You are not permitted to download, save or email this image. Visit image gallery to purchase the image.
The shooting of a young New Zealand sea lion - a species as threatened as the African elephant or the kakapo - has shocked and dismayed those who work to ensure its survival.
Police are investigating after a bullet was discovered with the decomposed body of a sea lion identified as "BK", one of five tagged on Otago Peninsula last year. The body was found on Victory Beach recently.
"It's a mindless act of stupidity," Senior Constable Lox Kellas said.
As it was not a fatal shot, the sea lion would have suffered before its death.
In early January, a sea lion was seen at Papanui Inlet with a suspected bullet wound but disappeared before Doc could investigate.
Doc sent photographs of the injured sea lion to Massey University for analysis and scientists reported the wound was probably only a couple of days old.
Although Doc appealed for sightings at the time, none were reported.
The decomposed body was discovered last week by Doc marine ranger Jim Fyfe, who was able to identify it as the sea lion with the suspect wound by the tags found with its body.
He returned the next day to sieve through the remains and found a .22 bullet.
"I'm pretty annoyed. A lot of work goes into looking after sea lions - like moving the mother and her pup from Tomahawk Beach."
Its death would have a significant impact on the local population, he said. New Zealand sea lions are listed as a nationally critical threatened species - the same level as the kiwi or kakapo.
"Those who shoot marine mammals may be ignorant of how endangered their target is, but the law is simple - it is an offence to kill or harm any marine mammal."
Under the Marine Mammals Act, penalties of up to six months' jail and fines up to $250,000 can be imposed.
A man was sentenced to two years' prison for clubbing 23 fur seals to death in Kaikoura and another was sentenced to four months' prison for injuring a leopard seal in Southland last year.
New Zealand Sea Lion Trust spokesman Shaun McConkey, of Dunedin, said "BK" was likely to be a second- or third-generation Otago sea lion.
With the death of an Otago female a few weeks ago and a dog attack, the shooting was part of a worrying trend, he said. It appeared sea lions were not safe on Otago beaches.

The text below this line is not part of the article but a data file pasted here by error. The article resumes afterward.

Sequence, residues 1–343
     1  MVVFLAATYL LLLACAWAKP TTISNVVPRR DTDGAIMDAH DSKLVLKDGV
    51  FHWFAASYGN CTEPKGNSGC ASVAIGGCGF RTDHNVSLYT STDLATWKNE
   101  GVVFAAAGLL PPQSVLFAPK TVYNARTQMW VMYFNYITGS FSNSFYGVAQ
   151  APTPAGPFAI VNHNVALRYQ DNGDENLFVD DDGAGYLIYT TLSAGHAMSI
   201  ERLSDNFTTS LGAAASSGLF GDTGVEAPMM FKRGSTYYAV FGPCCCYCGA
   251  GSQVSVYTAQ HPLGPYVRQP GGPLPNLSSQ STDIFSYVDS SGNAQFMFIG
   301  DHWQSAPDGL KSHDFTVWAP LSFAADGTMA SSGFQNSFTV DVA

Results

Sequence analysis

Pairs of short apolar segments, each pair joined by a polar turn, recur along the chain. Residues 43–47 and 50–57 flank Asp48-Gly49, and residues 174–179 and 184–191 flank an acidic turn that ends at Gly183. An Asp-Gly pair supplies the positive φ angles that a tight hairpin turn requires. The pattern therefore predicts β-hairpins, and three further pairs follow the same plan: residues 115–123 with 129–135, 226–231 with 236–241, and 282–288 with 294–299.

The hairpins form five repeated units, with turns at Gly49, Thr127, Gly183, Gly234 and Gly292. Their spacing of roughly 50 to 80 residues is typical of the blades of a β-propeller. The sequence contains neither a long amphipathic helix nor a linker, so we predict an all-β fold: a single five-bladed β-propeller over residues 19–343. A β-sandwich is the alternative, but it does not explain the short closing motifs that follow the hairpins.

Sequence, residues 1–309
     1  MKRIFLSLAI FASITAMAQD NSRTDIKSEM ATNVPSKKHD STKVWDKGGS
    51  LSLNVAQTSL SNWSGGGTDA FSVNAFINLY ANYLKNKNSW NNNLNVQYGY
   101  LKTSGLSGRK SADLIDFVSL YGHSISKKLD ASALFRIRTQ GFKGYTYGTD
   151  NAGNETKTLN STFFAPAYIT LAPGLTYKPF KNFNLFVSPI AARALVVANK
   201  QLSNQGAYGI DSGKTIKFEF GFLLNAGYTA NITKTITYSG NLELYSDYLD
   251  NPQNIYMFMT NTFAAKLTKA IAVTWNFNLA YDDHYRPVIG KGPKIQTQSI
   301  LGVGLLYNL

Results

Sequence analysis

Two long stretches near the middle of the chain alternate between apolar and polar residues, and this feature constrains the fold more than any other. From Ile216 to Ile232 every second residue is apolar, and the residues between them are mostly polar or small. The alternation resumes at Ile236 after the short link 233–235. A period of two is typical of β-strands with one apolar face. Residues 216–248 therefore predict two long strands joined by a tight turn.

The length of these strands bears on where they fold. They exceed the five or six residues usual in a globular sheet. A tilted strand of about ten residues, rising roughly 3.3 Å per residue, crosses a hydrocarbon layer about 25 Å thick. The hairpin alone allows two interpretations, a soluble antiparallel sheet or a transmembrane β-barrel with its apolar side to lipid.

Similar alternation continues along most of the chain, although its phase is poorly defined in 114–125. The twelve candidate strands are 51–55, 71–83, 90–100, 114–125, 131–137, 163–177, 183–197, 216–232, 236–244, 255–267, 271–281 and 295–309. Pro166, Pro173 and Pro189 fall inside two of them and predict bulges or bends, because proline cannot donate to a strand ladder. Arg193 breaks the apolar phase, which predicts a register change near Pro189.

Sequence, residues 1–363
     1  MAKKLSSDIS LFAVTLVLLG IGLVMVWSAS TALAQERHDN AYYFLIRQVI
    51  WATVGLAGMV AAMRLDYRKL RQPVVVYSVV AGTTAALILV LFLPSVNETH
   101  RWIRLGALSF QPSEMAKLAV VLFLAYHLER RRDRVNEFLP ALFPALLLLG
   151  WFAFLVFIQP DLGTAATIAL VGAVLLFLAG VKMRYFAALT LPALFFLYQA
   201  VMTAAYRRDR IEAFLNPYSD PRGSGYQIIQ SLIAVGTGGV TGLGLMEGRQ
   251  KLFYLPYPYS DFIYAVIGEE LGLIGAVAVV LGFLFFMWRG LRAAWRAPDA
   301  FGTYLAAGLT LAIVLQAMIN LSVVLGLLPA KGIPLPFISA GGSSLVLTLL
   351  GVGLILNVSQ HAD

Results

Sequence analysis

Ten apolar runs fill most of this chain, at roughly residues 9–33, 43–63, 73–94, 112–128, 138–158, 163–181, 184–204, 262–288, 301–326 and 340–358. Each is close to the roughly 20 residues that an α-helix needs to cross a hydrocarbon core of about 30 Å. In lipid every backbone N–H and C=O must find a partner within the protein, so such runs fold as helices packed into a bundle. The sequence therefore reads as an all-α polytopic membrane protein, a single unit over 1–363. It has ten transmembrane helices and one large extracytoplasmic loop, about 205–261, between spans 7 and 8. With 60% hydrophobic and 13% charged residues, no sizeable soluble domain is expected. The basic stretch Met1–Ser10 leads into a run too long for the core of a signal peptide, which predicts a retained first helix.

"We need concerned locals to take ownership of this species and watch out for them - be their guardians. They are simply too spread out for Doc or the trust to keep them safe."
Sea lions had been shot, clubbed and rammed by cars in the past, he said.
"We were starting to hope this sort of behaviour might be in the past," Mr McConkey, who has been studying the local sea lions for the past 17 years, said.
With the main population at the Auckland Islands in rapid decline, it was hoped the sea lions in Otago would increase in number.
"Sadly, it looks like one set of problems has just been replaced by another, but once again people are the cause of it," he said.
Snr Const Kellas said anyone who had information about firearm-related activity in the vicinity of Papanui Inlet in the first week of January should contact police or the Department of Conservation.
New Zealand sea lion
Phocarctos hookeri - formerly known as the Hooker's sea lion.
Status: Nationally critical.
Colour: Mature males brown to black, females lighter, predominantly creamy grey. Pups chocolate brown with paler areas around head.
Size: Adult male 250kg-400kg and 2.4m-3.5m long.
Breeding: Major colony on the Auckland Islands. Since 1993, small numbers have been breeding on Otago Peninsula. Breeding occurs during summer. Females give birth to a single pup every one or two years.
Pups: Dependent on their mothers for milk and protection for the first year of their lives.